Detroit teachers vote safety strike

August 29, 2020

From the September-October 2020 issue of News & Letters

Detroit— Ninety percent of the members of the Detroit Federation of Teachers (DFT) voted to authorize a safety strike, which means they will not teach face-to-face but are willing to work remotely. The DFT president maintains that the union was not adequately included in the re-opening planning. Several teachers doubt that 20% of parents will actually send their children to school on Sept. 8. Most parents, students, and educators want to return to classroom learning, but COVID-19 forces everyone into choices unthinkable six months ago, choices that could mean life or death. People have to make these choices when school funding is challenged, when many doubt schools can be safe for students, teachers, staff and their families, and when it’s too early to know the ramifications of remote education.

Trump’s politicized defiance of public health guidelines has helped the coronavirus to become so widespread that return to in-person learning, the best educational setting, is grinding to a halt. One high school in Georgia suspended a student who photographed crowded hallways. (See “Youth in Action,” Sept.-Oct. 2020.) It closed a few days later for disinfection and now has 1,600 students and staff quarantined.


Trump, cheered on by Secretary of Education Betsy DeVos, is forcing school reopening with nary a dollar to pay for the increased costs. The Michigan Superintendent of Schools reported that, although the state received $175 per student for COVID-19 costs in the CARES Act Funds, the actual cost was around $400. School closures in March left Michigan school districts with a budget shortfall averaging $700 per student.

In Michigan, the legislature finally agreed to let state schools open fully virtually. Teachers have given their all to do their best teaching amid chaos, and want to return to their classrooms. In Arizona, one district in Phoenix could not reopen because of a teacher and staff sick-out.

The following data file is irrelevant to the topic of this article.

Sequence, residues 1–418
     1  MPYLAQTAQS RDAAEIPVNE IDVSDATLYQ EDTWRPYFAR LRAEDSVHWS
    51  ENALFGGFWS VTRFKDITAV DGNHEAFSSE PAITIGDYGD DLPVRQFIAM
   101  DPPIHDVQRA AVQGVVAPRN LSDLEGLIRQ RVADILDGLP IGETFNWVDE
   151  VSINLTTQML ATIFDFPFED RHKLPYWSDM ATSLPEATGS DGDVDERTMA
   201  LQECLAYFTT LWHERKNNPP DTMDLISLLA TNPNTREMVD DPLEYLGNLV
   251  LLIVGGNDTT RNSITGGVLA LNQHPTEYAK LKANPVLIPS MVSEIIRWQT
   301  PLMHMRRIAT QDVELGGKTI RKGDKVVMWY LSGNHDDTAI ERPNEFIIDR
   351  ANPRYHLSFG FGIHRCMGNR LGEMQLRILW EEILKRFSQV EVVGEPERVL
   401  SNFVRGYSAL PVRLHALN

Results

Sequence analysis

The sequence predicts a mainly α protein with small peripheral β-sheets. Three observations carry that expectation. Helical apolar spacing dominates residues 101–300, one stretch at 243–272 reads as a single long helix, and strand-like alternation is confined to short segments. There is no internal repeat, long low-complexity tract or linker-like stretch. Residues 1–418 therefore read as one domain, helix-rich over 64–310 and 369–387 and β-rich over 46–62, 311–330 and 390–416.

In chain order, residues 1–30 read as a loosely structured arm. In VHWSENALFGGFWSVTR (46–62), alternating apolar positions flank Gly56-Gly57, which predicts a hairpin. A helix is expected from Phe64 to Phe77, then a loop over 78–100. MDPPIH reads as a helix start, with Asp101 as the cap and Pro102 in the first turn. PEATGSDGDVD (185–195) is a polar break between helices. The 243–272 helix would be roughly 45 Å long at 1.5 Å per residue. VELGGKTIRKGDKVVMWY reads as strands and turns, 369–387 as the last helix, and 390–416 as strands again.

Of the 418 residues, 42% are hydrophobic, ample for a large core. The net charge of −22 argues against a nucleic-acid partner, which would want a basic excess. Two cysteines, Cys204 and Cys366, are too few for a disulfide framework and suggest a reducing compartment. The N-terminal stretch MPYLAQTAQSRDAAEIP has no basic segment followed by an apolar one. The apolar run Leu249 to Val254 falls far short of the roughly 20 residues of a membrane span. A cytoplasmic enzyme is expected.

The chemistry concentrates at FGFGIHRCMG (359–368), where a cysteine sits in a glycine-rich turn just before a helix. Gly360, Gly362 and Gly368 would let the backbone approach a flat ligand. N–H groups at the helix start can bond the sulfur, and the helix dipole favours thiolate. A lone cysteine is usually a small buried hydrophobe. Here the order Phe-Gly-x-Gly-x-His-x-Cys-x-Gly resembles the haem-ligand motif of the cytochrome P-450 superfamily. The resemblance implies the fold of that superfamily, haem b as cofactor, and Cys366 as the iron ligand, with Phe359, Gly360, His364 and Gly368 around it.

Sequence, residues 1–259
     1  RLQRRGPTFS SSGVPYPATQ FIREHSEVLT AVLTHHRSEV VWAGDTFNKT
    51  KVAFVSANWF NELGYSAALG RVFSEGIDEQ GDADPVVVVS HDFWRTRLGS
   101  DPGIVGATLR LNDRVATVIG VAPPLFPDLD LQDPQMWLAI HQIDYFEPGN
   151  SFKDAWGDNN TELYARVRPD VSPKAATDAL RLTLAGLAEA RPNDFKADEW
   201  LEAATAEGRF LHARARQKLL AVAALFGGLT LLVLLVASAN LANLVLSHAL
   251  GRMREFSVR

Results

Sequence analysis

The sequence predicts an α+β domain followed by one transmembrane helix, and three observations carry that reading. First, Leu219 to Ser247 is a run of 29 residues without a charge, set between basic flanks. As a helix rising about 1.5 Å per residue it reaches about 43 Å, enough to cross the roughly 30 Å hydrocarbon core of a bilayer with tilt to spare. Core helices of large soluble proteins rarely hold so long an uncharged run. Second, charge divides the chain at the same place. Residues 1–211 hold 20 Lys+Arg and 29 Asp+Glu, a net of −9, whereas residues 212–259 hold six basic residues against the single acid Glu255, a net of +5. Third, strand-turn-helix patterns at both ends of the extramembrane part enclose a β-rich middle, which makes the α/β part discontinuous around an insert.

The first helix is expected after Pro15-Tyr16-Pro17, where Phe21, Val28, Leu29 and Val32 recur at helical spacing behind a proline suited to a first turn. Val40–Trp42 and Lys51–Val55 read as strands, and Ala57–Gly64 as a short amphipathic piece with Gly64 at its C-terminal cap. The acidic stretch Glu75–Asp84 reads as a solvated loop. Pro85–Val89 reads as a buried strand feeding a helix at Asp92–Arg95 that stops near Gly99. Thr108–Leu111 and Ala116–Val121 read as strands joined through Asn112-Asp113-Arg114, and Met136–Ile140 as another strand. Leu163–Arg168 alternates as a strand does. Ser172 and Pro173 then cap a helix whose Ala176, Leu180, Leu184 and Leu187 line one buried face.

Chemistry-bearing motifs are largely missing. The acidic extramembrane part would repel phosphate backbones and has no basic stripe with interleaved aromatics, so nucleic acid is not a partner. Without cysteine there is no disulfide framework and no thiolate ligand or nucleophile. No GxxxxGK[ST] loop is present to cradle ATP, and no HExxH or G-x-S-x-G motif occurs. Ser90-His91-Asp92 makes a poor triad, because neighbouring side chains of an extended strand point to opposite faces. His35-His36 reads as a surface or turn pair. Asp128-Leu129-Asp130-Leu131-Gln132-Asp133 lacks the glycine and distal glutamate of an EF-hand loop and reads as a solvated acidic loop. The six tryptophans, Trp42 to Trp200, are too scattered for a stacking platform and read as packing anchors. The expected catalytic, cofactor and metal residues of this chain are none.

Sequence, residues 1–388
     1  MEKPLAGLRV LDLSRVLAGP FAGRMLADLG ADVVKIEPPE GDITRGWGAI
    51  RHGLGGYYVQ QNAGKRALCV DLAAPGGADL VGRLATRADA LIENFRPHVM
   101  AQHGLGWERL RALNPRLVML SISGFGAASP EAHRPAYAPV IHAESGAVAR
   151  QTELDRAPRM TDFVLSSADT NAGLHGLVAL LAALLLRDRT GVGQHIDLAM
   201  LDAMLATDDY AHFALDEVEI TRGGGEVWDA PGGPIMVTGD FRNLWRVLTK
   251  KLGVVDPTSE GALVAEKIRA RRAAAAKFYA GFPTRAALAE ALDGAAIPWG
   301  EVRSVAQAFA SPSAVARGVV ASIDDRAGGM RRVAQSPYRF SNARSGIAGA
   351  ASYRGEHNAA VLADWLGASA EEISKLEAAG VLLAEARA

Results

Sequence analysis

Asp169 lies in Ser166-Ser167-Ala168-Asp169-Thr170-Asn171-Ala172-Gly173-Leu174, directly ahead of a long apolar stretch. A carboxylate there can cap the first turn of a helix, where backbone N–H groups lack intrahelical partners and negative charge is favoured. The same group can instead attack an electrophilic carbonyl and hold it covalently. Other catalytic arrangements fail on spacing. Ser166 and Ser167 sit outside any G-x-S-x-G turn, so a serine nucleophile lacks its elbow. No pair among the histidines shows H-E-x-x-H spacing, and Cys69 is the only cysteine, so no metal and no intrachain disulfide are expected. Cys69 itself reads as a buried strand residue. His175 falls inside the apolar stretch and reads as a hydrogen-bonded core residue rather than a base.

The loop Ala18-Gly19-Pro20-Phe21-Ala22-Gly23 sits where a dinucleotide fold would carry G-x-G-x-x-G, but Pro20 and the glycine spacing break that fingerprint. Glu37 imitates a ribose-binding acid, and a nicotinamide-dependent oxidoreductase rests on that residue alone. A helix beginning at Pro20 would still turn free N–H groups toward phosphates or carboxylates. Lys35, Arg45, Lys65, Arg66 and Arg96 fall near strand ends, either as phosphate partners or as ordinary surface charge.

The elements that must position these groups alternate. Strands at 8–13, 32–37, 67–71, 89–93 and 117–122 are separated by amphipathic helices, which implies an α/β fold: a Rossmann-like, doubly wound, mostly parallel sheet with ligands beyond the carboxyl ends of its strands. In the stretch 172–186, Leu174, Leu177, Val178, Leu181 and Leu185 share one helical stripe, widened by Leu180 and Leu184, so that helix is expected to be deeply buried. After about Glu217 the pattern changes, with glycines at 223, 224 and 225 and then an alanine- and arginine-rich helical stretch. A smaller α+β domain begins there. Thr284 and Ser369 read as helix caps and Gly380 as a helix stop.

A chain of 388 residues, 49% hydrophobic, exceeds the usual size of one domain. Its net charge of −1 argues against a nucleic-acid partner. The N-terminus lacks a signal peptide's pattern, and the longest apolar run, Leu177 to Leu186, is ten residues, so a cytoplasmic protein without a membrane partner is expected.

The class and racial divides in U.S. education are deepened by this pandemic. Essential workers, majority Black, Brown and lower-wage, need their children in school so they can go to work. Special needs children (including English language learners) can’t receive support services unless they are in school. Black people are four times more likely to die of COVID-19 and Latinx seven times more likely.

Parents, students and teachers rightly fear the loss of quality education. Remember when you were in school and had a substitute teacher, what did you learn? How did you behave that day? (Don’t answer.) Today, the substitute teacher is a device, a computer! In isolation, children see, hear and talk to the teacher, but everyone knows there is no real control of student work, or a setting for them to learn appropriate group behavior, without adult physical presence.

Even the youngest child quickly learns how to mute the microphone not just for cooperation with the class but for their own distractions. As a Detroit high school senior said, “I don’t want to do online. There are too many distractions at home. The phone is addicting: when I get a notification, I open it and I don’t get out of it.”

One promising development is parents and teachers cooperating to self-organize small learning “pods.” Neighbors and extended families with similar standards of hygiene and social distancing pool resources, share adult support and enable expanded social experiences in relatively safe settings. Even a pair of “study buddies” could help offset the negative developmental impacts of prolonged isolation.


We will not know for years what children have learned while out of school: about public health, the economy, politics and media manipulation and their own schooling. A 16-year-old explained that he was laid off from his job at a bicycle shop because manufacturers and distributors were not sending them enough bikes, an unexpected global economic analysis not generally taught in high schools. Worse, we don’t know all the mental effects: fear of the virus, disrupted lives and loss of friends and family.

Now, the whole country can see deep flaws in American education. How can we go forward, centered on the needs of the children to realize their true humanity?

—Susan Van Gelder

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